Recent news stories about WSI don't really clarify what's happening but it's important to realize that decisions about WSI can affect health insurance premiums and taxes. On Friday, August 13, I listened to and took part in discussion about a Performance Review of WSI. This is the latest in a series of reviews done every two years as ordered by the N.D. legislature.
One news story says initial denials rose from 11% to 19% between 2005 and 2009. Another says adjusted denials went up 51% from 6.9% to 10.4%. Headlines shout, "WSI denying more claims" (Bismarck Tribune) and, "Officials say WSI on track in N.D." (The Forum). The review cites a tougher claims philosophy at WSI but also says WSI follows the law. WSI cites positive things in the report and says that early accident reporting makes denial rates look worse than they really are.
All these statements are true but each has its own spin. Administrative changes have prompted employers to report incidents immediately even if no benefits are later required. These cases are counted as initial denials. Subtracting such denials leaves adjusted denials. WSI's comment on early reporting does not apply to adjusted denials. Each of the last two reviews say the change of philosophy at WSI is a major reason for adjusted denial rates going up.
WSI officials point out that the review covers WSI prior to June 30, 2009, only four months after the governor's newly appointed director took office. They report efforts to improve treatment of injured workers. However, laws limit how much they can change regarding claim decisions.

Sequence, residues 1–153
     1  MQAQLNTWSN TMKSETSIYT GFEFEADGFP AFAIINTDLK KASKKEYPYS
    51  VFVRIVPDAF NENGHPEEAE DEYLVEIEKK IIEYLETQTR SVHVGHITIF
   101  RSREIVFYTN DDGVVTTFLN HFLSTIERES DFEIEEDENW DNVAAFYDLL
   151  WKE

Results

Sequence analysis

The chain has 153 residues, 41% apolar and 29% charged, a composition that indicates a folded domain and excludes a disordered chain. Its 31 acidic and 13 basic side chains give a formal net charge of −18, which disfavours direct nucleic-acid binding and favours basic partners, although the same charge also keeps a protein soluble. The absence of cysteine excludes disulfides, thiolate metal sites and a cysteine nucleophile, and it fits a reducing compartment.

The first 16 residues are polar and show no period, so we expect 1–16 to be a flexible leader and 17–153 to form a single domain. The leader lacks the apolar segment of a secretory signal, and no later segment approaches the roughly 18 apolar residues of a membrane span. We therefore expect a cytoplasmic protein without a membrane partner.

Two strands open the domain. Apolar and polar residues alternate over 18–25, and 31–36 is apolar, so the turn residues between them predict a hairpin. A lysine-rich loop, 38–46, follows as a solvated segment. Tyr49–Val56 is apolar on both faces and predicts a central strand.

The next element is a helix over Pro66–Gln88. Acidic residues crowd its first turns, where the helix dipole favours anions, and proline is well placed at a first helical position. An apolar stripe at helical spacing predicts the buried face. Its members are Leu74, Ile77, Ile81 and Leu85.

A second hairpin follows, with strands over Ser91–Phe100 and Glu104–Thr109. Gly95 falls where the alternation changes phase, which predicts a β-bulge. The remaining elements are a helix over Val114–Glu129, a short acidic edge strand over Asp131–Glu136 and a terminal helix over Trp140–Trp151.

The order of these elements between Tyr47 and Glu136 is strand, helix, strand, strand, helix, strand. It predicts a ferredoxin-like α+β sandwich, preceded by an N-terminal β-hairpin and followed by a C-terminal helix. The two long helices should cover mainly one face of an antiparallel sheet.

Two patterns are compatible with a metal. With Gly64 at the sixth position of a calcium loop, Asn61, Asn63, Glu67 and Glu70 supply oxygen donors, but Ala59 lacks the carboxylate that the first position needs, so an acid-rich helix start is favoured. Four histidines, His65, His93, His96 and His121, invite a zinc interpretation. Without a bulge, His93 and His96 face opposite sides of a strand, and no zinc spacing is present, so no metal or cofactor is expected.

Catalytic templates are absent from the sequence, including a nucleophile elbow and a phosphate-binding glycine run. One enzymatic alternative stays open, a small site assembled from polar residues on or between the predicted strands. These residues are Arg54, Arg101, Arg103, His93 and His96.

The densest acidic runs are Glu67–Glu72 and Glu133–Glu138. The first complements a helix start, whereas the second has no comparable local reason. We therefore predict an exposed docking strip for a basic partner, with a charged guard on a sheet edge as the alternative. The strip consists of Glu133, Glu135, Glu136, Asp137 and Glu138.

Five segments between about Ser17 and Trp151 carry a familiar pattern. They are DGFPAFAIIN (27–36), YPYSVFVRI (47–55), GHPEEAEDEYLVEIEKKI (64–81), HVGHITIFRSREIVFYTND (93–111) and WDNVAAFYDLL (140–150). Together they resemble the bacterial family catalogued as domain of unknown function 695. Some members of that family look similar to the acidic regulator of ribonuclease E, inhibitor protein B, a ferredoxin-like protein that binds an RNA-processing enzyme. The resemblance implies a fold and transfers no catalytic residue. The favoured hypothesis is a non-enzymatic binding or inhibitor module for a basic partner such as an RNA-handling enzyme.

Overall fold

The Performance Review contains 50 recommendations and points out areas where claims are denied or partially paid in N.D. that would be fully paid in most other states. It suggests changes in N.D. law.
If medical treatment for a work-related injury is not covered by WSI it must be paid by regular insurance. This shifts the burden to all insurance payers. Health insurance premiums have risen the last five years while WSI has paid over $250 million in premium refunds. In 2008, for example, BC/BS announced double digit premium increases and WSI declared a $77 million dividend.
If work-related injuries cause disability, injured workers can't pay their bills. Workers can and do end up on Food Stamps, SSI or other forms of taxpayer assistance. Some families break up under the pressure of finances and health problems. Dependents can end up on WIC or other taxpayer support.
In my opinion, premiums collected to pay for worker injuries should pay for worker injuries. This burden should not be shifted to other health insurers and to taxpayers in general.
Reforming workers compensation law is the just thing to do for injured workers and it is the fair thing to do for taxpayers. Legislators will have an opportunity in 2011 to make the necessary changes.